My paintings mostly start with places. Occasionally people inhabit them. I love looking at places but if you are looking for topography this work is probably not for you. What interests me is the making of a new reality where the image retains and reflects some characteristics of its original theme. But . . .

the space is explored -sometimes extended, sometimes reduced

often images/views are combined and manipulated

colours are almost always reduced overall then extended within a range

you get more than you can possibly see

what you see is impossible but it looks possible-some people call this super realism

As important as the image is a constant fascination with the manipulation of paint and the production of an interesting surface. When I was twenty I thought I had invented frottage and whilst I was rapidly disabused of this I have continued to work into the surface of the paint. I often use strong areas of flat or modulated colour alongside. I often use pigment in very thin glazes and build up the surface and richness of colour. Frottage as a technique has the excitement of the accidental, although like all `accidentals' the more you use it the more control you eventually exert. The paintings are on board as I need a hard surface to work on. An identifiable image is apparent and often initially dominant but on reflection the painting becomes more.

 

 

Reflections on Manhattan (2000-2002)

These paintings celebrate Manhattan. I visited the city in 1999 and was amazed at the incredible ambiguity of reflections contained within the insistent order of any number of grids, alongside a sublime blue verticality. My excitement at the complexity and beauty took me by surprise and continues to do so. The paintings explore a transitory world where seemingly solid and monumental buildings reflect a moment in time. The effects of light play wonderful tricks and the paintings rebuild a reality of air and space, of on and in, of through and back. They are by reflection and about reflection. They are the process and product of time to stand and stare.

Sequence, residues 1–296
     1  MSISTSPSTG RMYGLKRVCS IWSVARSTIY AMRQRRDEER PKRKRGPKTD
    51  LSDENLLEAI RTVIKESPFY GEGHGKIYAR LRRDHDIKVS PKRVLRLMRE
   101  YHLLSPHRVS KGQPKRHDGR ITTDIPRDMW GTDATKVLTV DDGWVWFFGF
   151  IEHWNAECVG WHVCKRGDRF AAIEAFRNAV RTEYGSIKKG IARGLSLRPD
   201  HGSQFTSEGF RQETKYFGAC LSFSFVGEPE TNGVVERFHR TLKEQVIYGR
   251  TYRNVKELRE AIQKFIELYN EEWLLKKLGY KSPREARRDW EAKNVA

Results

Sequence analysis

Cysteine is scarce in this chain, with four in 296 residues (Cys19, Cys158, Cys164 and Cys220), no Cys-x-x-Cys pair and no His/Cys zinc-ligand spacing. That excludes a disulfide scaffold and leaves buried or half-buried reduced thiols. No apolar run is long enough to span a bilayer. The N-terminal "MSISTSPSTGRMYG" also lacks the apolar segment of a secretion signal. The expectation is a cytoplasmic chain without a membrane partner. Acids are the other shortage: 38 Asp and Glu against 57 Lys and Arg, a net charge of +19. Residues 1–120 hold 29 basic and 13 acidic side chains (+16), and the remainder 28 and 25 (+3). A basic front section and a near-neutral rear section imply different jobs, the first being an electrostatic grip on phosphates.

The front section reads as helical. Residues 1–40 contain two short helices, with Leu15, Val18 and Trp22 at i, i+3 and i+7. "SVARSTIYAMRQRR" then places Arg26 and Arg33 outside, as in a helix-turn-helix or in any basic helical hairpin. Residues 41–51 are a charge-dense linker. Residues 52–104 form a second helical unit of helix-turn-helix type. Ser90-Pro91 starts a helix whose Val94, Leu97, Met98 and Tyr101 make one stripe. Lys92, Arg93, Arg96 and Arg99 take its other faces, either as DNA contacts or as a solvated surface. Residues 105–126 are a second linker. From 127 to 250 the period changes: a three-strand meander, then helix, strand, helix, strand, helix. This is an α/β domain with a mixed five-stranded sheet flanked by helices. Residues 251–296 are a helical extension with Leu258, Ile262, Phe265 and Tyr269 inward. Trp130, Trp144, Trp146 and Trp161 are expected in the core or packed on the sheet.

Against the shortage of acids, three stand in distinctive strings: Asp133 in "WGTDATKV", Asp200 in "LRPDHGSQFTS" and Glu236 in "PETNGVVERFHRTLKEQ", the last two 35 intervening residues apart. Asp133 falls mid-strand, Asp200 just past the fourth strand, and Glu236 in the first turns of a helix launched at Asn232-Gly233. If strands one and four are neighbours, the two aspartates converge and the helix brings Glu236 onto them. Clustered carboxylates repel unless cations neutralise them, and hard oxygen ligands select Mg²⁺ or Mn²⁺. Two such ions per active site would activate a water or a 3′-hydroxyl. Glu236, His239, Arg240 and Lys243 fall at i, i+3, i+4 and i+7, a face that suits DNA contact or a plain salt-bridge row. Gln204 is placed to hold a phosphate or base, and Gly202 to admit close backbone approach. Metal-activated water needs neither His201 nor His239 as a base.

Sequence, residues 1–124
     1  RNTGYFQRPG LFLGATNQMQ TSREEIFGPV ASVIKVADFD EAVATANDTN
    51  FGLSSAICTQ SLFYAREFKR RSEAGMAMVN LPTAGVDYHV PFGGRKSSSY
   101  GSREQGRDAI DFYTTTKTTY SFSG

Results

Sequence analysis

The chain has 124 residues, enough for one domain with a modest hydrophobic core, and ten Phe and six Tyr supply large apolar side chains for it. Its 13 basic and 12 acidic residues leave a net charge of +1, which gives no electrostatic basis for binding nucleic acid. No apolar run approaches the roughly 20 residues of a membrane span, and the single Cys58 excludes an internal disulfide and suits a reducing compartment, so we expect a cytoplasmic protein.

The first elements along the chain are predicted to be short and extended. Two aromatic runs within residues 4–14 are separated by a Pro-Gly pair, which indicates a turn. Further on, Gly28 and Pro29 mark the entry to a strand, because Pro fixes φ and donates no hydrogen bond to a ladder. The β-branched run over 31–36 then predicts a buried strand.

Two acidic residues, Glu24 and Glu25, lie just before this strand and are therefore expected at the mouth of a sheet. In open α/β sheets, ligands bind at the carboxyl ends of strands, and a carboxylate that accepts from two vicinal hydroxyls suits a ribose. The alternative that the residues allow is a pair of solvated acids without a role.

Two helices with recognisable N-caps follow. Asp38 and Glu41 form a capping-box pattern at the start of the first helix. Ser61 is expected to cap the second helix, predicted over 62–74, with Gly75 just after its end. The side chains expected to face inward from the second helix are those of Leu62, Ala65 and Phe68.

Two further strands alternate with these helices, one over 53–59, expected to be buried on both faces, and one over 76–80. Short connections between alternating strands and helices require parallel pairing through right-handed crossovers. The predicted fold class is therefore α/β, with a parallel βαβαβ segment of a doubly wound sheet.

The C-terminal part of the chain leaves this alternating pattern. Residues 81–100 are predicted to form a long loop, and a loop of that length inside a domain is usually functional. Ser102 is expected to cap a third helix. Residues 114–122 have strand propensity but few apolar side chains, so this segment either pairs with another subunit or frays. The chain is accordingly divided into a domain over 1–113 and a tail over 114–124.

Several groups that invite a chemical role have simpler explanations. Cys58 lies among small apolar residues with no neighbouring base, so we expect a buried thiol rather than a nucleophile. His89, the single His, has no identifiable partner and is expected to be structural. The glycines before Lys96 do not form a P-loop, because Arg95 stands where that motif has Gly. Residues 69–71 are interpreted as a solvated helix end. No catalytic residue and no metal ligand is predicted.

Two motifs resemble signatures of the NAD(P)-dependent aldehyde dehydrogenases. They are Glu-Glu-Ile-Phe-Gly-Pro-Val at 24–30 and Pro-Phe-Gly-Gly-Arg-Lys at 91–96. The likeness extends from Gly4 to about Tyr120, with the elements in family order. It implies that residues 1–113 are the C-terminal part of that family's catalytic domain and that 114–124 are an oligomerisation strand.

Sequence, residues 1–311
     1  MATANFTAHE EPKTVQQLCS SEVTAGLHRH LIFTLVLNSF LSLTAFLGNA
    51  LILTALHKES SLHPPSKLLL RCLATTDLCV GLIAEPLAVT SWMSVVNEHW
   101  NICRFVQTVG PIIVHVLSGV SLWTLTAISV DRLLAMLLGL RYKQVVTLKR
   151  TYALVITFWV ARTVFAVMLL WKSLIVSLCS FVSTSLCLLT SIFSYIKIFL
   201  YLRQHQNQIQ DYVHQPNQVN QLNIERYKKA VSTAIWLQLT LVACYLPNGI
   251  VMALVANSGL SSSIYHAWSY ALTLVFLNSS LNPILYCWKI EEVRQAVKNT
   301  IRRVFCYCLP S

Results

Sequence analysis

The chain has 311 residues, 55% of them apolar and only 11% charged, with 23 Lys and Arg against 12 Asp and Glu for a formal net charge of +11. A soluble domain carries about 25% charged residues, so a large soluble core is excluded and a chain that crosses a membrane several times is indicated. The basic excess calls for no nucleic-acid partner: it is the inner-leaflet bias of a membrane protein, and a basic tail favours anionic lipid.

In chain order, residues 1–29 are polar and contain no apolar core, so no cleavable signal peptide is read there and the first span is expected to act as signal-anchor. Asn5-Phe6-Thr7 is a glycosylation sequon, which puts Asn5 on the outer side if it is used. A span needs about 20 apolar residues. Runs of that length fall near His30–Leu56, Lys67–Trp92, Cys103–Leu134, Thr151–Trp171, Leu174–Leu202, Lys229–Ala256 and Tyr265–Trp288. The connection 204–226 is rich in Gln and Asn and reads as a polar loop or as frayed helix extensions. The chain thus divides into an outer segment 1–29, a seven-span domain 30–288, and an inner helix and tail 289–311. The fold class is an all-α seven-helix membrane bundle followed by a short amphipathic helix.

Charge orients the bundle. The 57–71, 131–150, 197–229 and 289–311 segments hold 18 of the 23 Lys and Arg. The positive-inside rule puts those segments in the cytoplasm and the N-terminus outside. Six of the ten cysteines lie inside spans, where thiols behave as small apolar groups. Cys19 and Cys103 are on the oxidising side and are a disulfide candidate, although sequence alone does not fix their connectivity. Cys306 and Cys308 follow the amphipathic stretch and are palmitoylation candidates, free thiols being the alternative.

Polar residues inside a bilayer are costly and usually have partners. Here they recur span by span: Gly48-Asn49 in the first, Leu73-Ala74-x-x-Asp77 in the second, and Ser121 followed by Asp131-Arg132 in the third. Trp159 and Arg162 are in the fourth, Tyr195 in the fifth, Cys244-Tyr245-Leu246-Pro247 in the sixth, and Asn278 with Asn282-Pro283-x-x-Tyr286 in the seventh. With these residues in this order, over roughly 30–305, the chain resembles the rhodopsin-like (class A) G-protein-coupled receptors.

These paintings were first exhibited in Oxford in May 2002 and now a Collection of prints is available. I know I will return to this theme.

 

Reflections on Oxford (2002)

Since June 2002 I have been working with my home city of Oxford. It is infinitely more difficult to see the familiar but after thirty years familiarity I can look at it with a refreshed eye. I started with Walton Street as I cycle down here to my allotment regularly. I thought the blue exterior of The Petit Blanc might wean me gently away from the blue of Manhattan. I cut my Oxford teeth with a variety of sizes and searches for that richness of surface which would reflect the place. Like the MOMA series it seemed to simply make more of itself as it has such a wealth of interest once you start to look. The device of using reflections allowed me to look slightly anew at the familiar. Generally the paintings use a window to frame and act as a grid to offer you new views. The Nuffield work twisted this format as the familiar image of the spire was sitting so starkly reflected in the lily pond that I left it to look after itself and let the lilies, lichen and wall assert their claim. I like the fragmentation this provokes which makes you look again. The Ede and Ravenscroft to Lincoln Library was a difficult balance with the suit, window frame and church portico battling it out to make a new whole. The Old Bank and St Mary the Virgin just entwined itself into existence. There are more to come and a Collection of prints is available.

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